#1 The Language of Computers

Do you think computers, phones and tablets are smart? What if we told you that all they understand is two numbers? Stay tuned because this is going to be an eye-opening activity.

You will never think of technology the same way after learning Binary Numbers and Text Encoding!

puzzle
There are only 10 types of people in the world: the ones that understand binary and the ones who don’t!

Did you not get the joke? Don’t worry! We are here to help you brush up on your Computer Language skills!

hello smart parents

BEFORE WE BEGIN!

If you are not familiar with the activities, please take the time to review the instructions for an optimal learning experience:

hello smart cookies!

LET’S START OUR ADVENTURE?!

We want to introduce you to Dottie and Zac. Dottie is an enthusiastic, ingenious, quick-minded mom who’s curious to understand the world around her. Her son Zac is a very inquisitive, positive and creative kid with a thirst for knowledge.

Join Dottie and Zac while they investigate the secrets around an old computer they found in the attic of their new house. They will need your help to unveil this mystery! 

This is going to be no easy feat, but it will definitely be worthwhile fun adventure!

mission #1
Translate your name to the Language of Computers!

Your first mission is to communicate with that old computer. 

the story

Zac: Mom, look what I found in the attic!

Dottie: Interesting… That looks like some sort of really old computer! I wonder if it still works?! Let’s try to turn it on!

Zac: OH wow, it is on!!! Hmm… it is asking for an username! But wait, this computer is missing a keyboard, I will grab one.

Dottie: I don’t think that will work with this computer Zac. There is no keyboard connector. I think these two are the only keys on it…

Zac: So, how are we meant to type in an username?

Dottie: Well, I guess we will have to work with what we have…
Zac: But, this computer only has only two keys: 0 and 1!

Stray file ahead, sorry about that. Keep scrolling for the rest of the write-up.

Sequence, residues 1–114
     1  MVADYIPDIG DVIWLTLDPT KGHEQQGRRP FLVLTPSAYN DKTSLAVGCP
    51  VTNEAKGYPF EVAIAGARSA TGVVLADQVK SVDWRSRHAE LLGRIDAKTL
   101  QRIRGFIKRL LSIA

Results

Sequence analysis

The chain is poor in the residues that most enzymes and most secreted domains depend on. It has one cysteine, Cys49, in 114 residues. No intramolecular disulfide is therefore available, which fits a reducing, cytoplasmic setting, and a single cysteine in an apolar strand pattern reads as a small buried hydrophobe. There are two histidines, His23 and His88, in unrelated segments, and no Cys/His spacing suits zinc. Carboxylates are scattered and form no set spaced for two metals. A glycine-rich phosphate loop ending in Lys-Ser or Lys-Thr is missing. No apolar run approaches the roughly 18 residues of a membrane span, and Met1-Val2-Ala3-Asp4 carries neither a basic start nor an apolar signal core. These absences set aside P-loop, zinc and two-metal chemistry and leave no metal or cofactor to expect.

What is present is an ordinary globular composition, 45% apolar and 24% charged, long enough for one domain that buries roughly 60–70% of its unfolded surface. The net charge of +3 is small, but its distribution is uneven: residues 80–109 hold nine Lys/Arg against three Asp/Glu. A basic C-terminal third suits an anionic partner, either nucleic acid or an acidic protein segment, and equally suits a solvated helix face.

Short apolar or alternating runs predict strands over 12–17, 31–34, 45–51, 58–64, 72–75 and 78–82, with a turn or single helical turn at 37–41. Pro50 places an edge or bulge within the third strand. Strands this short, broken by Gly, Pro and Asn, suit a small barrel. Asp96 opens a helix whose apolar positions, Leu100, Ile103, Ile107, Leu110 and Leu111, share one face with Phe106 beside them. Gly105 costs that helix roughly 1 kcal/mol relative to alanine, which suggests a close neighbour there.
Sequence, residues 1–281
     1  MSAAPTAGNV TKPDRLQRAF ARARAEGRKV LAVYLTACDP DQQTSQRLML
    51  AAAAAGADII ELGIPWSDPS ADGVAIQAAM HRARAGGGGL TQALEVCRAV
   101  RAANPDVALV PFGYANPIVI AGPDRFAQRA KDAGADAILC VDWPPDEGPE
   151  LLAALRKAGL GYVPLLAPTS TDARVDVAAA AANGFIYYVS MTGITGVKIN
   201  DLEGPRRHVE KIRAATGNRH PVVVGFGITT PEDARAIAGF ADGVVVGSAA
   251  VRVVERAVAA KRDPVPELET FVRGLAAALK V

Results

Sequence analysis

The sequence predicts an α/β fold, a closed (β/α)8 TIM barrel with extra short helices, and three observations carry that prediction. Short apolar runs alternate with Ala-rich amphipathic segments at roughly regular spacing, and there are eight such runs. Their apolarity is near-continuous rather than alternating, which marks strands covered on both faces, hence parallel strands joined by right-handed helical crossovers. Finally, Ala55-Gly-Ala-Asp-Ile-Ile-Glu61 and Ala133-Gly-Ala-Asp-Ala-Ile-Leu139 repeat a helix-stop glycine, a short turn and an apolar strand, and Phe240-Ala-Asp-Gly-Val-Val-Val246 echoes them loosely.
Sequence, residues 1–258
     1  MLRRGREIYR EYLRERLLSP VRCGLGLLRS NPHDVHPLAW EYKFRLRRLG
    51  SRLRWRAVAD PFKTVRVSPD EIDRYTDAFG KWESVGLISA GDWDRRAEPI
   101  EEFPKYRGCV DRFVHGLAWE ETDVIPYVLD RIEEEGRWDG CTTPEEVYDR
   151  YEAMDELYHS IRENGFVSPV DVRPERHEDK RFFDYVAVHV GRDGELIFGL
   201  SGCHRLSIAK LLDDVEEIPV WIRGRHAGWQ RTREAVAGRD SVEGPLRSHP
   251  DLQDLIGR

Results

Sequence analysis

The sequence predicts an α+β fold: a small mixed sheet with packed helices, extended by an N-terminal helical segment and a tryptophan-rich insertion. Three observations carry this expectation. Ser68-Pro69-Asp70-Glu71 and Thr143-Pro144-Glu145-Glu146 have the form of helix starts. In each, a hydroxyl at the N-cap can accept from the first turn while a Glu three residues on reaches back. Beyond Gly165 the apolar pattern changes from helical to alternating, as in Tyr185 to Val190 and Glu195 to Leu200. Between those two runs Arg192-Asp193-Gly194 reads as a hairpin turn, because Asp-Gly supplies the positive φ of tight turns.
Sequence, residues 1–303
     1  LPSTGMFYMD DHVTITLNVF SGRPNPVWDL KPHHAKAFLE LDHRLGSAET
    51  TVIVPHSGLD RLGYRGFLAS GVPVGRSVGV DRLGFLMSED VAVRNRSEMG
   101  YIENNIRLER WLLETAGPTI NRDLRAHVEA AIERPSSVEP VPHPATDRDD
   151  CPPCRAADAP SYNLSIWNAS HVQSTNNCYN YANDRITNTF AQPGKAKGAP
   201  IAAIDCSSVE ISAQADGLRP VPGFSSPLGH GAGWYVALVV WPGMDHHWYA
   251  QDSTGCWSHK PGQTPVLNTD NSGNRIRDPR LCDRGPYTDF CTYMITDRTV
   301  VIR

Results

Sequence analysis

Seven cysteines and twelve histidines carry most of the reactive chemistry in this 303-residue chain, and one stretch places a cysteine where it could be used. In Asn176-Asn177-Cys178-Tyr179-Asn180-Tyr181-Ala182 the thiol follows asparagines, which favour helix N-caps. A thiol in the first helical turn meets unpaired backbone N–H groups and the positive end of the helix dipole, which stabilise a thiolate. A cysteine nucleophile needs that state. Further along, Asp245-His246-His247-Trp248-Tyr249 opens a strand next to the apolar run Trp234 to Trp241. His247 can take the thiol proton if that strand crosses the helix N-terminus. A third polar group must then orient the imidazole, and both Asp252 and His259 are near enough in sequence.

Dottie: That rings a bell! Considering this is a very primitive computer, it probably only understands the language of computers.

Zac: What do you mean? Computers have a language?

Dottie:  Yes, it is called binary language which only uses binary numbers: zeros and ones

Zac: That’s nuts! So it is like they have a language of their own made up of a bunch of zeros and ones?!
Dottie: Yes, exactly. No letters, no other numbers, no sound, no colours, no emojis. Nothing but zeros and ones. That is mind boggling, right?
Zac: Sure it is! But that will only make it even more difficult for us to access this computer… Because we will need to find out the username and translate it the computer language to input to the computer.

Dottie: Yes, that sounds right and the computer language is binary code! Do you have a strategy for guessing the username?

Zac: Well, can we find out the name of the people who used to live here? That would be a great start…

Dottie: Hmm, I am afraid we can’t…

Zac: In that case, I suppose we can just start guessing random names. But, we need to find out how to translate that into the Language of Computers, or should I say binary language?

Dottie: That is correct, well done! I can help you with that. 

Zac: That would be great, thank you very much! I am feeling as lost as last year’s Easter egg. Where can we start?

Dottie: Let’s break down our complex problem into smaller ones: First, understand how binary numbers work. Second, understand how to translate letters to binary. What do you think the last step could be?

Zac: Try all possible usernames we can think about?